- Health and care: Keep them clean, feed them a good diet, and keep up to date with their vet appointments and treatments.
In a moment, I will break those down a little further, with tips on how you can put these all into action with links into the guides for each one.
Is raising two French Bulldogs more difficult?
Whilst we only have one Frenchie, we will often look after another one. It’s actually no more work having two dogs than one, and if anything, it can be easier to raise two French Bulldogs.
The reason is, you can find that they will learn from each other, and mimic good (and bad) behaviors). That can make training a little easier.
Handy Hint: I wrote a long opinion piece on why I think it’s better to have two Frenchies than just the one. Read this if you are thinking about getting a puppy.
How to raise a healthy French Bulldog
Raising a healthy and happy French Bulldog isn’t hard if you put the work in. I’ve previously listed the signs of happiness your dog will display, and here how you can help get them there.
1. Establish a routine
Our French Bulldog is extremely adaptable to our lives, but that doesn’t mean we’ve not worked hard on a routine. He knows what time to wake up, when his food should be out, and when walk times are.
Yes, we won’t always stick to them, but a dog with a routine will be more settled, less anxious, and easier to train. Dogs like things to be predictable!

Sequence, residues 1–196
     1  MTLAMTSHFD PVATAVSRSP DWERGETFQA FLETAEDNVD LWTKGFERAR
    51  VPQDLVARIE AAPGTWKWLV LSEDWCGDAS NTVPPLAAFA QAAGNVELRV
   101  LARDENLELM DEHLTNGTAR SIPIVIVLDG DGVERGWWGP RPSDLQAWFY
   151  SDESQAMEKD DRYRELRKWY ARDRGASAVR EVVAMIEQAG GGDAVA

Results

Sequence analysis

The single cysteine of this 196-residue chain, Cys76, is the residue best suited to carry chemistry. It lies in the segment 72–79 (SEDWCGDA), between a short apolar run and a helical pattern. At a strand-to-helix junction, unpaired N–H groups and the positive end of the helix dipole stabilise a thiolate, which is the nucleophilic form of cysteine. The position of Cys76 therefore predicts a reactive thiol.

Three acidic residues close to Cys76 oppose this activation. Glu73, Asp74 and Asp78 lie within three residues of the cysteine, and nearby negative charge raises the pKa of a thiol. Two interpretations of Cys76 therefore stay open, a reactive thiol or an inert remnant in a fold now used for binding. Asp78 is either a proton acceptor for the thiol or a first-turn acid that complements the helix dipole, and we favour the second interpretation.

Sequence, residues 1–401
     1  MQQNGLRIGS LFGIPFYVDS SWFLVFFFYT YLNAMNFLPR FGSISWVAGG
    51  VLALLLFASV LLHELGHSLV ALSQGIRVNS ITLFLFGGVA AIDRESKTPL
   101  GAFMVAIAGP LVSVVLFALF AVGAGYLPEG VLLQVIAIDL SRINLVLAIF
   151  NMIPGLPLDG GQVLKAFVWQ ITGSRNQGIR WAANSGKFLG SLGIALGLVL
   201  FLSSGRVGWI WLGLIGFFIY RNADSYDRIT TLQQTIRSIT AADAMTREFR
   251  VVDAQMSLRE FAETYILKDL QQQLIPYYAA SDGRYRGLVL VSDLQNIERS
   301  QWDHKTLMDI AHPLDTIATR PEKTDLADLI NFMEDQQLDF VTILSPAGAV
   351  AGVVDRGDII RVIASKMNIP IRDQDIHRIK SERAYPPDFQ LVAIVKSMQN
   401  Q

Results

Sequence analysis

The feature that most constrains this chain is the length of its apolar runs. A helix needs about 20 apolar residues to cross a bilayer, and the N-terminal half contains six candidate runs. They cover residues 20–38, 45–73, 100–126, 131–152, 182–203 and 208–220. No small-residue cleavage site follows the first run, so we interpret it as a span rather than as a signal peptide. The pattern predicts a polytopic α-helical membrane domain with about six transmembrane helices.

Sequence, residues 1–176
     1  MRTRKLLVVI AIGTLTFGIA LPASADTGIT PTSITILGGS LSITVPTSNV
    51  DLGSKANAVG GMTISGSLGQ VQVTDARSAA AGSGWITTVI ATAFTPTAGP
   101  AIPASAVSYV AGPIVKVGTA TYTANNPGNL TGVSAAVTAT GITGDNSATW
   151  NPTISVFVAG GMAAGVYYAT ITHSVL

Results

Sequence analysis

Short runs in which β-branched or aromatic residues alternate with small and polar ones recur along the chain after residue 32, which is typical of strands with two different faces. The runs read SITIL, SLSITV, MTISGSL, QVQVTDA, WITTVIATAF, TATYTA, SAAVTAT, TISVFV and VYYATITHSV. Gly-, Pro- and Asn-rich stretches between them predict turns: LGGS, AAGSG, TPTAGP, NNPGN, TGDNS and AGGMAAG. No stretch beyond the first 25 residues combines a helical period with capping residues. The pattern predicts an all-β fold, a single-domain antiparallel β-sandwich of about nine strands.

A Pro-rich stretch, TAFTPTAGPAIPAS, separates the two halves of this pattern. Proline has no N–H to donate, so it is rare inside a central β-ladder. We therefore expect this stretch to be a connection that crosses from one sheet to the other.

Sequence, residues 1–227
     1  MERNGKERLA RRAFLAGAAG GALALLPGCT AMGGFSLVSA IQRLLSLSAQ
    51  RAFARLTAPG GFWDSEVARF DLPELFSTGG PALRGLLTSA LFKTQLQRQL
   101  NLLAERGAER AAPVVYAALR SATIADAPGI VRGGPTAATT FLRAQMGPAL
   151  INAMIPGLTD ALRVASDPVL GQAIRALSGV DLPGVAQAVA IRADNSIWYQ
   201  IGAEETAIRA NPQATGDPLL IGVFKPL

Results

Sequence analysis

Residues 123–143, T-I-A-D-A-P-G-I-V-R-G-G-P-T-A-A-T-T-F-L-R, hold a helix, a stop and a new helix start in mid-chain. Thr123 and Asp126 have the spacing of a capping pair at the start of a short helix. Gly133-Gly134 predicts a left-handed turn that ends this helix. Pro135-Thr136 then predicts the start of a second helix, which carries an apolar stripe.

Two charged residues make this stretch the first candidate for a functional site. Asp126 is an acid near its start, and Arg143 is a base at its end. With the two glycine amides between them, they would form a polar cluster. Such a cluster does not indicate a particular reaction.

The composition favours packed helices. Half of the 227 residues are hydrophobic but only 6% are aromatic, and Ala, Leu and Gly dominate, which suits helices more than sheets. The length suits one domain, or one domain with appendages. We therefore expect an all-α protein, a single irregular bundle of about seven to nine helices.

2. Have plenty of toys
Keep your Frenchie mentally active, and you will help to raise a happy and healthy dog. You can take them for walks twice a day, but they will also need indoor playtime.
You can buy toys that challenge them mentally and others which just rely on classic games such as tug of war… see the 18 best Frenchie toys I recommend.
3. Keep them clean
And I don’t just mean giving your Frenchie a good clean when he needs it. You should also keep your dog’s bedding clean and this can help to reduce their chances of allergies.
4. Include them in everything
Claude has become part of our family which means including him on everything that we do. When he gets left out of something, he looks really put out.
My adopting your Frenchie into your “pack”, he will feel part of the family and will be raised as a really good dog, particular if you are the pack leader.
5. Walk them twice a day
By walking your Frenchie twice a day, you don’t just keep them fit and healthy. Taking them out from a young age (post-vaccinations) exposes them to all the different elements early on that will help them to grow up as well adjusted dogs.
6. Keep their diet healthy
I work off the 90/10 rule when it comes to Claude’s diet. That means a snack or treat is only ever 10% of his daily calorie intake. The remainder is vet approved food that is packed full of all the nutrients he needs.